Wednesday, November 12, 2014

Asphalt vs Concrete

I thought about writing a post to dispute the ever-persistent "Concrete is harder on your legs than asphalt" debate. Then when doing research I saw an extremely well-thought-out, scientific assertion (which encapsulated many similar findings) showing they are essentially equal. Following it were comments such as:

"Very interesting stats, but I know my brain tells me that asphalt is softer."

"I'm not buying this. Physics aside I once read concrete is as much harder on the legs than asphalt as asphalt is harder than dirt or grass, and I believe it."

I then realized writing a post trying to convince people one way or the other is probably a fruitless endeavor. If people are not going to listen ("physics aside"?!) they are not going to listen. It is like when someone denies climate change, adds "Look, I am no scientist" and then goes on to refute the scientists who universally agree it is happening. If you believe concrete is worse for you than asphalt, I am not going to change your mind.  Like a political debate, no one has ever changed from Republican to Democrat (or vice versa) when showed the other's stance.

So, rather than waste my time on a blog, let me sum this up thusly. While there are some things which make asphalt better (less dog crap, less uprooting by neighboring trees), if you actually are not so set in you ways that you will allow physics and facts to overcome "Well, I just know my knees hurt more" suffice it to say there is no difference between the two when it comes to hardness and impact on your knees, legs, muscles, etc.

The same goes for trail and dirt which, actually, given their often uneven nature, roots, rocks, etc are more prone to injure you in other ways like ankle turning. I know this goes against all those who think trail running is the one true Lord, but don't argue with me. I am not physics. I am just a guy who has run countless miles in the past decade on concrete with not one running injury to show for it. Undoubtedly, you have your own opinion what works for you and science and facts don't get in the way.  Except for the fact that facts don't care what you think.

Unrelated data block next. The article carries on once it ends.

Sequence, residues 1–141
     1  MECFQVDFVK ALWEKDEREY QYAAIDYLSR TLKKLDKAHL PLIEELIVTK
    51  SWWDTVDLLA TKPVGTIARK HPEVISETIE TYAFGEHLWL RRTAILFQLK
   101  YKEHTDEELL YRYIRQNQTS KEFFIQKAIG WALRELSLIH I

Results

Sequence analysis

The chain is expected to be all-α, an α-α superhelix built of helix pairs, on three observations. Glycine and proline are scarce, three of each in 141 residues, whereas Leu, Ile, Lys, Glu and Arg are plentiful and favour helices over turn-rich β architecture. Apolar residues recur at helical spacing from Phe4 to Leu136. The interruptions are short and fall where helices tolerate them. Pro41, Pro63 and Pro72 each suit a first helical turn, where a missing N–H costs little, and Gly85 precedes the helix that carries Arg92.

5 comments:

Jeff Weber said...

This is very interesting. As I think about my own running, it feels like my legs are more beat up from a road marathon versus trail (despite the trail run taking longer). I would suggest that the unevenness of the trail causes me to step more carefully, while my "less thoughtful" footfalls may carry more impact on the road. So could it be that it is no the hardness of the surface, per se, but rather how hard we hit it?

Jeff Weber said...

Ah, and of course, I sidestepped the real issue by throwing in the trail.

Dane said...

The hardness with which we hit if I am sure is exactly the same. Or at least close enough to make no difference. My guess is that trail marathons are normally run more slowly, with many variances in pace which is why you might be knackered from climbing and descending a ton of elevation but you haven't beat up you legs by running it hard.

Rob L said...

Got a link to that study? Would like to read it.

davedlg said...

As far as the actual surface hardness goes, I don't think anyone would see a difference. But there is a real difference between concrete and asphalt that's overlooked here - uniformity. Concrete forms a very flat, uniform surface. When your shoe hits concrete, your whole shoe hits it flat and has to quickly decelerate. Asphalt, on the other hand, typically has a lot of exposed aggregate making it 'bumpier.' When your shoe hits asphalt, it contacts the uppermost rocks first, and begins to deform at that point, as you continue down, the shoe gets increasingly more resistance as it conforms to the shale of the exposed aggregate. IMO, this does cushion the impact significantly. Dirt and gravel trails are even moreso this way. The cushioning is not in the surface itself - it's in how your shoe reacts to the surface.